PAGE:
As the world's attention is focused on Ukraine and the ripple effects of the war, the international community is urged not to forget other countries like Yemen, where millions of people face starvation.

The brutal civil war has killed hundreds of thousands of people and left millions on the brink of famine in what has long been the Arab world's poorest country.

After more than seven years of fighting, and with 80% of the population in need of humanitarian aid and protection, Yemen is now the largest humanitarian crisis in the world, according to the UN.

People are struggling more than ever to secure even the most basic staples as a result of soaring food and fuel prices triggered by Russia's February invasion of Ukraine.

A man brings his daughter, who is suffering from severe acute malnutrition, to be checked by a doctor

Two thirds of people in Yemen have almost nothing to eat.

By the second half of this year, 19 million people, more than half the Yemeni population, are projected to face acute food insecurity, an increase of almost 20% compared to the first half of 2021.

Russia and Ukraine account for the largest share of wheat and wheat import products in Yemen, at around 40%.

This supply chain is now in jeopardy while the war in Ukraine rages. It could also impact on other processed wheat products imported from neighbouring countries, and food aid from NGOs who might also be reliant on grain supply from Ukraine or Russia.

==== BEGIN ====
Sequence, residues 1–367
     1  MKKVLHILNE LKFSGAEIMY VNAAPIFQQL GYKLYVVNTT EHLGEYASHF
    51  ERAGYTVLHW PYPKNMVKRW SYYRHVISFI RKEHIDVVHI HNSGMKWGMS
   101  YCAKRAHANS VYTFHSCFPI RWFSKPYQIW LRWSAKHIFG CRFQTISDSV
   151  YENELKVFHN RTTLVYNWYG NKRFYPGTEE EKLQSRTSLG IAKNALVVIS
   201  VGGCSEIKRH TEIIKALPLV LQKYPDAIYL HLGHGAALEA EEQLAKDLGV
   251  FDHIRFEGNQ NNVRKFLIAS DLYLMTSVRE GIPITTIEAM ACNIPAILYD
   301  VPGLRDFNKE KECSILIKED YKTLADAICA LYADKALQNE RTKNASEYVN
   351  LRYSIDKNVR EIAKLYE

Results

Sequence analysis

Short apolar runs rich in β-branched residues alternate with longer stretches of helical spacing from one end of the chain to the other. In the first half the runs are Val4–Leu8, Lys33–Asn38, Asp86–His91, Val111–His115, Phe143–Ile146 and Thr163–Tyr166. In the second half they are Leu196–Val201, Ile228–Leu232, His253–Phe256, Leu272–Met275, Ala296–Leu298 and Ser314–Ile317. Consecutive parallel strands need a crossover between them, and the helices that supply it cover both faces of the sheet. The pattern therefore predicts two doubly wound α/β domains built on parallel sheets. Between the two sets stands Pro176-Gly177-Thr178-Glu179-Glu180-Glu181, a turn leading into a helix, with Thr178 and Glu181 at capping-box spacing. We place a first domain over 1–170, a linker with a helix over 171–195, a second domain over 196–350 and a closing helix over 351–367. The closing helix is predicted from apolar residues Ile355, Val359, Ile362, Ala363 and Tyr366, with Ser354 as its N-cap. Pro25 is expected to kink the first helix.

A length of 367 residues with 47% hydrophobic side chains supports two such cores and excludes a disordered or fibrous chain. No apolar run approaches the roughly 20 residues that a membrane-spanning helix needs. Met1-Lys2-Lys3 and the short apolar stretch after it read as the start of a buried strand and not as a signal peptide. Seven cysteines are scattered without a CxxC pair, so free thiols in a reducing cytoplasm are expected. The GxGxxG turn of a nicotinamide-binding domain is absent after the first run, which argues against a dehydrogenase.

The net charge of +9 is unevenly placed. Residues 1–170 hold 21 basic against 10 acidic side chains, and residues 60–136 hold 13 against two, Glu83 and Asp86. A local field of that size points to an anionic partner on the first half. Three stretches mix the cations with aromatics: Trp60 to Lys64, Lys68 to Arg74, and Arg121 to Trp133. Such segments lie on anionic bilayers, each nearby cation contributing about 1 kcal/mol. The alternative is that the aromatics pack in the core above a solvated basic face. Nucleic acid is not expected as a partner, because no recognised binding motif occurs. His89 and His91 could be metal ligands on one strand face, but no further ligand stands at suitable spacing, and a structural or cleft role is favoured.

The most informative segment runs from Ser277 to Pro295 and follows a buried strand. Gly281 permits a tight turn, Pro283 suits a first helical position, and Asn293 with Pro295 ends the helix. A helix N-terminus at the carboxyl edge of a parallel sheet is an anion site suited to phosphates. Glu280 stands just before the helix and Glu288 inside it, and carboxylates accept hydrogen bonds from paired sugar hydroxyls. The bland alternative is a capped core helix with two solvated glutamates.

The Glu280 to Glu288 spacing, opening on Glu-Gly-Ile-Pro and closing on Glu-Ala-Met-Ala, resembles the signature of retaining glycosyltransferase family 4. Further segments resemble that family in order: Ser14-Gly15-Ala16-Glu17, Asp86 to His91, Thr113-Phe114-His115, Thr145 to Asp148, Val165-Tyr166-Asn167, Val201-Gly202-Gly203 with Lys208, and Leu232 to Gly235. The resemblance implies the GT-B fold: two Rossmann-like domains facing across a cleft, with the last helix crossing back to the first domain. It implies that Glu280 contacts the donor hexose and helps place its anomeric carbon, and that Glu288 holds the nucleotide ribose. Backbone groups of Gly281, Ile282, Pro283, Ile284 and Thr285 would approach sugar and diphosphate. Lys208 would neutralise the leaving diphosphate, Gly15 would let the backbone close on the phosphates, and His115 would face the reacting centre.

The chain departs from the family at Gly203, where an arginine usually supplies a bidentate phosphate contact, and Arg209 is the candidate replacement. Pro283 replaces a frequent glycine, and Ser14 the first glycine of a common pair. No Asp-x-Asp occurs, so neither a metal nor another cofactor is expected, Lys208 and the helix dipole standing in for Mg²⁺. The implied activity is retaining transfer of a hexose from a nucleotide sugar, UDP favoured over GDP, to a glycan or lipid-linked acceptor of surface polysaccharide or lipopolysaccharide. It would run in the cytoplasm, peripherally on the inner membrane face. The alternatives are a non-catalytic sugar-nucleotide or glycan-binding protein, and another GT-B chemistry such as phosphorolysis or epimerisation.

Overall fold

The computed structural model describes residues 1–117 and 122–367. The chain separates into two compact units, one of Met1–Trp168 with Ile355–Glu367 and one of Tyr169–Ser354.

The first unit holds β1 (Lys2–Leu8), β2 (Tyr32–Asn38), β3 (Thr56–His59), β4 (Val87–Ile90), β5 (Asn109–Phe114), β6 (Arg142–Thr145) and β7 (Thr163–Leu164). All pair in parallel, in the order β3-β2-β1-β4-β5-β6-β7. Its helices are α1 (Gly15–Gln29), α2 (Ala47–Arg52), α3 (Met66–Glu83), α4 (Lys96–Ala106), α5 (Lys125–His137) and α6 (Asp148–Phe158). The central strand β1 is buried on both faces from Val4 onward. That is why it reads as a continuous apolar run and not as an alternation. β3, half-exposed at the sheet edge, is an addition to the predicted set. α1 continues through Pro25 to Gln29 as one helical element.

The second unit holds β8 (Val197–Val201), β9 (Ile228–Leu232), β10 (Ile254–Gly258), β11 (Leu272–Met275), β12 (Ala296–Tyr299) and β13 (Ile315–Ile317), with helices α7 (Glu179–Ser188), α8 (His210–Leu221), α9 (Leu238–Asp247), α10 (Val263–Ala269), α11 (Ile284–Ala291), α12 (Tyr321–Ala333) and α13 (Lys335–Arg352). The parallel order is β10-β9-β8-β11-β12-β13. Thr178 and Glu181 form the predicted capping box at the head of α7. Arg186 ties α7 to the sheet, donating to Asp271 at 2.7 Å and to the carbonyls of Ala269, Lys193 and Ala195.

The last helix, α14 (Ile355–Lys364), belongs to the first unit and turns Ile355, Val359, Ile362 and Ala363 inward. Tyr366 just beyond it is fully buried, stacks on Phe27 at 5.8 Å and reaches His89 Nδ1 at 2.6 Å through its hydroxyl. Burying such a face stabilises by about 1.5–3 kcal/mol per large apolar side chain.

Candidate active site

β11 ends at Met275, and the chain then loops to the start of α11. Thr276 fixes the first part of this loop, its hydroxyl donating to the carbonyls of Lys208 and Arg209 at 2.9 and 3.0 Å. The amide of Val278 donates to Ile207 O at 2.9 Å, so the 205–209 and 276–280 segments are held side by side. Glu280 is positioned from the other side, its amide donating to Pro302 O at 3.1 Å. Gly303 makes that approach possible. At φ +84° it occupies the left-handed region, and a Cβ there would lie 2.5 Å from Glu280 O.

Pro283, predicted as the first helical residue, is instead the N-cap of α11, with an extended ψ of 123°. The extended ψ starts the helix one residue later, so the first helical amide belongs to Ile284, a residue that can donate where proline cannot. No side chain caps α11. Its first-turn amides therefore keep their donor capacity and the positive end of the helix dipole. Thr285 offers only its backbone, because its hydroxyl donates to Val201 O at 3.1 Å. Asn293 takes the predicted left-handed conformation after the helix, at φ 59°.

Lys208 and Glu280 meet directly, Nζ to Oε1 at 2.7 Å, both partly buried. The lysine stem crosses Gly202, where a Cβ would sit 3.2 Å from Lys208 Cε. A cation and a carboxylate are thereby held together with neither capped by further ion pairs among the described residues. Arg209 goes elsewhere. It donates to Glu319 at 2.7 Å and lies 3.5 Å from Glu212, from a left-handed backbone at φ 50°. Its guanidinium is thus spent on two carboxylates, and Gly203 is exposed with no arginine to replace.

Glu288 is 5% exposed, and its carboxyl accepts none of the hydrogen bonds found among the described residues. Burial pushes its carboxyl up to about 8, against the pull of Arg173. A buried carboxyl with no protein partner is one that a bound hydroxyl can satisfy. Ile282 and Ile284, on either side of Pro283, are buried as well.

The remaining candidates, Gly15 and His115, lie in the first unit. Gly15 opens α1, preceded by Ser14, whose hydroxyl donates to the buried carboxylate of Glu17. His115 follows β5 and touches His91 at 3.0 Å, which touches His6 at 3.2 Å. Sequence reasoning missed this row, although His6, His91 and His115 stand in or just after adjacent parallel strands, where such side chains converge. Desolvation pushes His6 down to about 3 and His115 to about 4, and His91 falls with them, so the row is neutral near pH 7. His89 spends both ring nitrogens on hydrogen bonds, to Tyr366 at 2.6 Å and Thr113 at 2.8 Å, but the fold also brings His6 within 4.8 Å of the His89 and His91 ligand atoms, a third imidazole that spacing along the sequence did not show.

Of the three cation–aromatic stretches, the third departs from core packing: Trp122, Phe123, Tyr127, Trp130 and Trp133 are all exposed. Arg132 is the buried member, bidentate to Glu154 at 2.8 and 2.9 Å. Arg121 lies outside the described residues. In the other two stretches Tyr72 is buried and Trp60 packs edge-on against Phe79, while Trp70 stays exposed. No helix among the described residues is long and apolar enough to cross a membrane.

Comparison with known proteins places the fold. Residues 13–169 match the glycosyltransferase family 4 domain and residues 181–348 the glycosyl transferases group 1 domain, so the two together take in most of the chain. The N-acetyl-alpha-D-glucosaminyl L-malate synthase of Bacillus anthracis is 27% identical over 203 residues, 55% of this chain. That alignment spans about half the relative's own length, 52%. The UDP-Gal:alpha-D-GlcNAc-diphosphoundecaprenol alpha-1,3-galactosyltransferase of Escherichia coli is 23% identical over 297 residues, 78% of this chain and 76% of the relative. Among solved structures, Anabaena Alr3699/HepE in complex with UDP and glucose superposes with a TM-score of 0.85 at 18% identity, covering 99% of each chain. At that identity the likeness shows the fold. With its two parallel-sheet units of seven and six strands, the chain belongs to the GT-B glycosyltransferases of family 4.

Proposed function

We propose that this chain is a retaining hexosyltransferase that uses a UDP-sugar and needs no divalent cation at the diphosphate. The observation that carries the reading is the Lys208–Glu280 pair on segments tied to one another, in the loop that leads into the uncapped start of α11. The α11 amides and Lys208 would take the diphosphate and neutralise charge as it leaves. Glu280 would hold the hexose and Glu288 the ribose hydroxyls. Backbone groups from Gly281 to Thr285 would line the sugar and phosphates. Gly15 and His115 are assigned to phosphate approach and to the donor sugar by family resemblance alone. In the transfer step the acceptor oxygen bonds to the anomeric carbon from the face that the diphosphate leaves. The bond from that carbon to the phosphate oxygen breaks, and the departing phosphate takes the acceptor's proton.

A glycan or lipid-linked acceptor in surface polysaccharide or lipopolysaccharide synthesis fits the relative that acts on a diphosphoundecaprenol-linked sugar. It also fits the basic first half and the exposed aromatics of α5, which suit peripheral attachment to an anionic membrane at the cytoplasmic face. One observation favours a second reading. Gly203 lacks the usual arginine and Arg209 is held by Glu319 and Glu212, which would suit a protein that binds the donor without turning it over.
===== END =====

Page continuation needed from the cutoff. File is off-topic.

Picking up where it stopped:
The impact of the Ukrainian crisis on Yemen has three dimensions, according to Ahmed Nagi, a non-resident Yemen expert at the Carnegie Middle East Center in Beirut.

The first, is in relation to previous international attention on what's happening in Yemen, and how in some cases it helped push for political compromises, or at least de-escalated conflict in some areas. Mr Nagi is concerned by the shift in focus of global communities.

"We are losing this kind of attention at the moment because all eyes are on what's happening in Ukraine, because it is actually the biggest story," he said.

He believes the second aspect is related to food insecurity especially as Yemen is so heavily reliant on wheat from Russia and Ukraine.

"There is a huge concern about, the lack of food coming either from these countries or from other alternatives because the wheat market will be high in terms of prices, and of course, it will be so much more difficult to get what you need from the global market," Mr Nagi said.

He said the third factor is related to the indirect consequence of the conflict; the high price of oil. It brings up the question of availability versus affordability.

"Sometimes you can find the wheat, or you can find the food but transporting these foods from urban areas or from Yemeni ports to rural areas, knowing that 70% of Yemeni population are based in the rural areas.

"It's very costly. We are seeing a fuel shortage in many areas, we are seeing high prices in fuel in all parts of the country. So we see the impacts increasing day by day, as the conflict in Ukraine is continuing day by day."

The disruption to the supply chain on imported wheat for a staple food like bread, which is the main calorie source for many families in Yemen, often living on just one meal a day, is not something that can be easily remedied.

The ongoing instability in Yemen means there are currently no alternatives to imports.

If there was a stable government, it is possible there would be initiatives to support and encourage local farmers to focus on growing grains or wheat to reduce the reliance on imports, while high fuel costs are also a deterrent for producers.

Mr Nagi said Yemen is lacking the national decisions that are needed: "The de facto authorities or the governmental authorities, which are recognised internationally, are busy with the conflict and they don't have effective policies to resolve this problem, unfortunately."

Despite many international aid organisations working in different parts of Yemen, it is challenging to access certain areas due to the conflict.